ABIGAIL AND MISTLETOE, originally published in 1994, has been released today (October 16, 2012) in e-book form by Samhain.  I am as excited to see it published again as I was the first time.  I wanted to share its story with you because many of my readers might remember it.  I wanted to share its story with you because this is one of those books that just keeps on giving...to me and to my readers.
 

©2012 Karen Rose Smith

Book Trailer For ABIGAIL AND MISTLETOE 

ABIGAIL AND MISTLETOE available at Amazon 

ABIGAIL AND MISTLETOE available at Samhain Publishing 

Karen Rose Smith's romance website


Karen Rose Smith's mystery website
 
IN TOUCH WITH KAREN ROSE SMITH e-zine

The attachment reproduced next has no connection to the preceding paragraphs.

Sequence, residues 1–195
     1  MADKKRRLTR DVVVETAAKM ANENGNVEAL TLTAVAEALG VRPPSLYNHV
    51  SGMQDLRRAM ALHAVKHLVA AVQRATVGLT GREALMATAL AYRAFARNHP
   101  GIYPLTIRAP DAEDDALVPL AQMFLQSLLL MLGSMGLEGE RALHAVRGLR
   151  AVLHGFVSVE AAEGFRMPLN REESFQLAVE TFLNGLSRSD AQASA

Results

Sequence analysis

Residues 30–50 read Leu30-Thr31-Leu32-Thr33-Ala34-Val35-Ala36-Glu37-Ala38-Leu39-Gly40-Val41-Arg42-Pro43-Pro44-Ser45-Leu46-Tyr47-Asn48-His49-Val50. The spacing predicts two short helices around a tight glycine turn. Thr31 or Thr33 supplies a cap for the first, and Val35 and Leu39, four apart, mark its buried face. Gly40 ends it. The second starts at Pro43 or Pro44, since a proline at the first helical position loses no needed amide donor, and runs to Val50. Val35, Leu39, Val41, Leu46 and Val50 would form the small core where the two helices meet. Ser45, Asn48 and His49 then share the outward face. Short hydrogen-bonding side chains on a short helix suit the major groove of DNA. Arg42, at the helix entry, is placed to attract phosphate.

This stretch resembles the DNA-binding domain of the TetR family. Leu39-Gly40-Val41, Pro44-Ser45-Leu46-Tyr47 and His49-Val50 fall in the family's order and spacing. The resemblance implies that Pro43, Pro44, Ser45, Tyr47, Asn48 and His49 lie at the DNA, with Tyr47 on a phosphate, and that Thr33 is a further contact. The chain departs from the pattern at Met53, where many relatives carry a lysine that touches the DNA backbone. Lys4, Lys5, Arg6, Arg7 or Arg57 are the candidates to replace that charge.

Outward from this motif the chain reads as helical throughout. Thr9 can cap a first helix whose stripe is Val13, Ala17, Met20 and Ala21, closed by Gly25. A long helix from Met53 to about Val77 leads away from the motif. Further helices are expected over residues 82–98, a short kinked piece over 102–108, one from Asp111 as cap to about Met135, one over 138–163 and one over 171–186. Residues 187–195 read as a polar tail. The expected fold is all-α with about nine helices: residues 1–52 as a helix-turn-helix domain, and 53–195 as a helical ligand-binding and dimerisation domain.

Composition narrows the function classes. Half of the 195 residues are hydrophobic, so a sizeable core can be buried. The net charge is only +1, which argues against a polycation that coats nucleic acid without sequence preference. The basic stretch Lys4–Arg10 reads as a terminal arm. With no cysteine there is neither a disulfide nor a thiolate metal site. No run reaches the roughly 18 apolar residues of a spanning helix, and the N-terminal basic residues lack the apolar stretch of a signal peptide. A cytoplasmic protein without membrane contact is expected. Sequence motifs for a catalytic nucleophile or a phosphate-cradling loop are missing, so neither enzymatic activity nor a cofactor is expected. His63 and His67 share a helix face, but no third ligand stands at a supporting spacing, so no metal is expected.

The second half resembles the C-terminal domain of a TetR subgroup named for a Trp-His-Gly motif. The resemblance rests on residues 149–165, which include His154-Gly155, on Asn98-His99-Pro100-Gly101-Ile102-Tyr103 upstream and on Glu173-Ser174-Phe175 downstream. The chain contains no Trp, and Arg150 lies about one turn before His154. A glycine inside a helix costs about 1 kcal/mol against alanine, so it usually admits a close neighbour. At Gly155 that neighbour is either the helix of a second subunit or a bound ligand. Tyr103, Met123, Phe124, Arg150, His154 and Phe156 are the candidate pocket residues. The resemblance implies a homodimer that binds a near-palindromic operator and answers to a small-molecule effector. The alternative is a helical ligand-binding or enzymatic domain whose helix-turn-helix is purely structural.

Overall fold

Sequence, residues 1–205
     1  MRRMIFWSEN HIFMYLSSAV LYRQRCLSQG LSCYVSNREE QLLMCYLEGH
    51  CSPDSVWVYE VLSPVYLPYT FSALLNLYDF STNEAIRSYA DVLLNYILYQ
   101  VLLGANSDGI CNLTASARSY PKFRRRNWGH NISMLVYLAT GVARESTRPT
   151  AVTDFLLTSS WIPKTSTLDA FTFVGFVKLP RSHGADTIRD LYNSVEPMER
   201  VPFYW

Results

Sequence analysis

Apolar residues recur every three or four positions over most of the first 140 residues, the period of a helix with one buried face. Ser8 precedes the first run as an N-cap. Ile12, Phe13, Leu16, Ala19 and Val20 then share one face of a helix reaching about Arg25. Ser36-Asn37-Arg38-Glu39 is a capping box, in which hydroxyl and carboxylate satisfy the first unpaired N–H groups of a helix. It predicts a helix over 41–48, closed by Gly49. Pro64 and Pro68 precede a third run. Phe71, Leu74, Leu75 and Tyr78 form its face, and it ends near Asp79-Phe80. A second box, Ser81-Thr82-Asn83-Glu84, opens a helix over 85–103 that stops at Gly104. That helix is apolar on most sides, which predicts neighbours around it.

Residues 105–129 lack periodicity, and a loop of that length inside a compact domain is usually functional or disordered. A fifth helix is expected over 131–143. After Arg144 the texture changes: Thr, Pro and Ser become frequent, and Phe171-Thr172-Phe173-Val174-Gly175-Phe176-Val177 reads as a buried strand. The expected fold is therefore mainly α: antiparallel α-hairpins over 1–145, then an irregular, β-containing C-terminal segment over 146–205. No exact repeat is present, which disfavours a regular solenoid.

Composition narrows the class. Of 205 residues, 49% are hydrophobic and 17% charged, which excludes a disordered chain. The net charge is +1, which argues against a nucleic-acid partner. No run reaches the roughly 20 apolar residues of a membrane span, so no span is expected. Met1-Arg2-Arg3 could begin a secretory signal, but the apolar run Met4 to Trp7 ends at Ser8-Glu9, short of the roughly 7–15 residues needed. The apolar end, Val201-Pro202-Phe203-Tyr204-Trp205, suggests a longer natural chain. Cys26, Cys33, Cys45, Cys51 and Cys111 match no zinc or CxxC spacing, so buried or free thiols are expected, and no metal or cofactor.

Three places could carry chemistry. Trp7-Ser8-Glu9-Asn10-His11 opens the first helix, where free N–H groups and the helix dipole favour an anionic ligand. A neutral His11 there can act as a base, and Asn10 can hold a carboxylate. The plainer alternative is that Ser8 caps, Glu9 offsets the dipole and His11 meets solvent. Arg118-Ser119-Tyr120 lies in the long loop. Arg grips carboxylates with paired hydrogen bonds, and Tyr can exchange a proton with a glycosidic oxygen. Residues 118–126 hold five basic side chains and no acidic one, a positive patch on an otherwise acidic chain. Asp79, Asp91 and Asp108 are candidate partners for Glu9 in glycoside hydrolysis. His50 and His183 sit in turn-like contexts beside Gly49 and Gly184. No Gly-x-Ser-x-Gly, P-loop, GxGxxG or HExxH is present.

Continue >>>

Rescuing a Kitten, Part 8




TRAINING A KITTEN

Some people claim cats are not trainable.  They claim that cats are independent with wills of their own and humans can't understand them.  Cat owners who love and know their cats say "hogwash" to that!  Training cats requires patience, just like training other animals.  Learning their behaviors takes time, observation and a willingness to listen to their unspoken signals as well as their vocal ones.

The first kitty behavior we wanted to change with Zoie was biting and scratching, even in play.  One of the most common actions a human does with a kitten is to offer their hand in play.  Not a good idea if you don't want your kitten to scratch and bite.  Kittens are teething and want to chew.  They like grabbing their litter mates and scratching and tumbling with them.  When you adopt a young kitten, you'll either be a momma substitute or a sibling substitute...or both.